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Loaner/Rental hearing aids

HearWHAC HearWHAC at netins.net
Tue Aug 1 23:58:24 EST 1995

In article <9508011317.AA19951 at omnifest.uwm.edu>, swhitson at OMNIFEST.UWM.EDU 

>Secondly, as our dispensing practice matures (now 12 years
>old) we have a number of patients with ancient instruments.
>The only thing reliable about them is the number of times
>they are in for repair!  Of course we repeatedly recommend
>replacement over repair but patients keep nursing the
>old products along...and why not, <snip some good stuff>

I am an old-time "Traditional Hearing Aid Dealer" - my family has been very 
successful in this industry for 50 years! Occasionally we THADs show a 
little "common sense." So here's my 2 cents worth!

Incorporate some "business principles" into your solution along with the 
very important "personal values." Our audiology staff feels very comfortable 
with a repair price schedule based on the age of the hearing aid. Our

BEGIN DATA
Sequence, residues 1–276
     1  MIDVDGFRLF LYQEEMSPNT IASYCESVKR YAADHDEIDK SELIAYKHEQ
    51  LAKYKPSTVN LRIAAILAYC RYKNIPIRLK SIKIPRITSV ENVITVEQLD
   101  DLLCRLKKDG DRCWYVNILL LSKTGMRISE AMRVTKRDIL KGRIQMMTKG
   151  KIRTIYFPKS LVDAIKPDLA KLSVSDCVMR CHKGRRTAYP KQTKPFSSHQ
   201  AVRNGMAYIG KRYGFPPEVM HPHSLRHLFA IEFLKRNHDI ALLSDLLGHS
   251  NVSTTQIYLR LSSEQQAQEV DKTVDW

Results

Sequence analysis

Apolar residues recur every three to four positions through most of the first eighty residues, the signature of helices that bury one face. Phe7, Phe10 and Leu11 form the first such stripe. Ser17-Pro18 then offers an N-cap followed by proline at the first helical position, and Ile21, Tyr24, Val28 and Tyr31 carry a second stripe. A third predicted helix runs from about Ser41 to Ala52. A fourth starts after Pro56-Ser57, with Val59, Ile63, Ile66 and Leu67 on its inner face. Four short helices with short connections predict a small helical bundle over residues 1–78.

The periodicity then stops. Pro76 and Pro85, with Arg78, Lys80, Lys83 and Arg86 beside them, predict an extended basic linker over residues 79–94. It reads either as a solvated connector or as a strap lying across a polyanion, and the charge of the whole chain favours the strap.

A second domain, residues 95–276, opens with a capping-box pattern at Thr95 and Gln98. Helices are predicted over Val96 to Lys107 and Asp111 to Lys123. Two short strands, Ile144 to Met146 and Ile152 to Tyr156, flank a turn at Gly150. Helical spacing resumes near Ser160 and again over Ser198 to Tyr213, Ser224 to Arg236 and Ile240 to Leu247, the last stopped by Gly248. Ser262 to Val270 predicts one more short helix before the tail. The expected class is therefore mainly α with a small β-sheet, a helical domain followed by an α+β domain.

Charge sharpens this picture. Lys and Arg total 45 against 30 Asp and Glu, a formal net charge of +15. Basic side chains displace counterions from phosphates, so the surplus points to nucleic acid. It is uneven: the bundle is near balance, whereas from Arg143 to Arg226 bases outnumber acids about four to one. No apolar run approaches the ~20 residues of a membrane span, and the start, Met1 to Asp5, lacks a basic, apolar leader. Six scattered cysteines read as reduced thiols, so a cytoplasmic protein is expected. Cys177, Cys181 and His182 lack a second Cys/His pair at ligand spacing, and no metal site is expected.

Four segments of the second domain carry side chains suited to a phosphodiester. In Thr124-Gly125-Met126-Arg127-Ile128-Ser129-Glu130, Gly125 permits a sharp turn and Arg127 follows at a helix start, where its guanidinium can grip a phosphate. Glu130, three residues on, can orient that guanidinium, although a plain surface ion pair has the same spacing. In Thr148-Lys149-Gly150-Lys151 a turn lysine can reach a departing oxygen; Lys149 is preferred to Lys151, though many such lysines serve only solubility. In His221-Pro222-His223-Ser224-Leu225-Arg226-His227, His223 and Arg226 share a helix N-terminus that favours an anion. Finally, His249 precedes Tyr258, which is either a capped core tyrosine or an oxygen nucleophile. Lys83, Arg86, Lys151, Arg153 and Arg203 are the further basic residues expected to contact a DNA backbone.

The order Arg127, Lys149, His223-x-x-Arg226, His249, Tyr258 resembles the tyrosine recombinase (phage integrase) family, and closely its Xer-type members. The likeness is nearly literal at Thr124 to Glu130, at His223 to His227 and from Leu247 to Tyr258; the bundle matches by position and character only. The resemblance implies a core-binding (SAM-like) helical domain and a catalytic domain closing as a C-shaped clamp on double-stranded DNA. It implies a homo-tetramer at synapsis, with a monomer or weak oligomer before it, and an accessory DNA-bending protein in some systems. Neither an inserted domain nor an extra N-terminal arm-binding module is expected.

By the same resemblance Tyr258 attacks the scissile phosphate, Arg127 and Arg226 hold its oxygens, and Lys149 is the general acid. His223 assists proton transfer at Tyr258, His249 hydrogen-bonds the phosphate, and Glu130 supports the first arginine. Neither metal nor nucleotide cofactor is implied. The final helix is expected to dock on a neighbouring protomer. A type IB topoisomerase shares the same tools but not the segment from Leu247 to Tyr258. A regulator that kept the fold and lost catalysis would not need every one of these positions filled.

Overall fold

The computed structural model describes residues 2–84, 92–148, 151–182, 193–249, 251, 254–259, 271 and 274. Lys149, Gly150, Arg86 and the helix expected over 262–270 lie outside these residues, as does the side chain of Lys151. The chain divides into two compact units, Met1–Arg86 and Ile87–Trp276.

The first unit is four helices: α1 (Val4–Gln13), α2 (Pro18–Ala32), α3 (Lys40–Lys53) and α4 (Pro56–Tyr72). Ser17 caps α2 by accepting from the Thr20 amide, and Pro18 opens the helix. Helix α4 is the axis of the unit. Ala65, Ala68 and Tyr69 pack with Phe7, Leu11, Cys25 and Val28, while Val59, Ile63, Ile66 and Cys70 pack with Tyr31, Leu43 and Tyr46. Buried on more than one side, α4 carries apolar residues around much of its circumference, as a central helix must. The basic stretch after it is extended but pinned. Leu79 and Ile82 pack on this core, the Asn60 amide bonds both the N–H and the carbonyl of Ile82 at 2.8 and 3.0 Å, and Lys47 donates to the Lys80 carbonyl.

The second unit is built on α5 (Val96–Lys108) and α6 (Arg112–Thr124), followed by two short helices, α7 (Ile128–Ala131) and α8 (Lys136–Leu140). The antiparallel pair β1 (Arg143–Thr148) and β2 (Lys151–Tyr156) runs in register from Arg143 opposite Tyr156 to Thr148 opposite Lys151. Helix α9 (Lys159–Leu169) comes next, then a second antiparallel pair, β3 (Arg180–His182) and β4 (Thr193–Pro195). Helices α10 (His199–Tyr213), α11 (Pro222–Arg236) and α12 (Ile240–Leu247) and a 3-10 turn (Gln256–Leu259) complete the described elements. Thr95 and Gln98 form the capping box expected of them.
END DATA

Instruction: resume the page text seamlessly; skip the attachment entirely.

initial warranties are usually two years (we hate to charge people for 
repairs in the first two years). Then during the next two years in the life 
of the hearing aid our repair charge is somewhat nominal, maybe even a bit 
below our actual cost and expense associated with the repair. (But not 
"ch-e-e-e-p" because our services do have considerable value.) We charge 
considerably more to repair hearing aids in their fifth and sixth year. 
Hearing aids more than six years old cost a lot more to repair in our 
office. (Some would call our repair pricing of hearing aids this old 
"obscene.") What have we done? We have created an excellent incentive for 
the patient to replace their old hearing aid instead of, as you say, "keep 
nursing the old products along..." We sincerely believe we are doing them a 

Can't help but insert one last comment! My father taught me to abhor the 
thought of letting an "all makes repair" substitute used junk for the real 
thing. We never send a hearing aid for repair to anyone except the company 
that made it! I've often wondered why the Federal Trade Commission even 
allows it to be done without the consumer being informed, "Your hearing aid 
may have been repaired with used parts."

Paul Woodard
Des Moines IA

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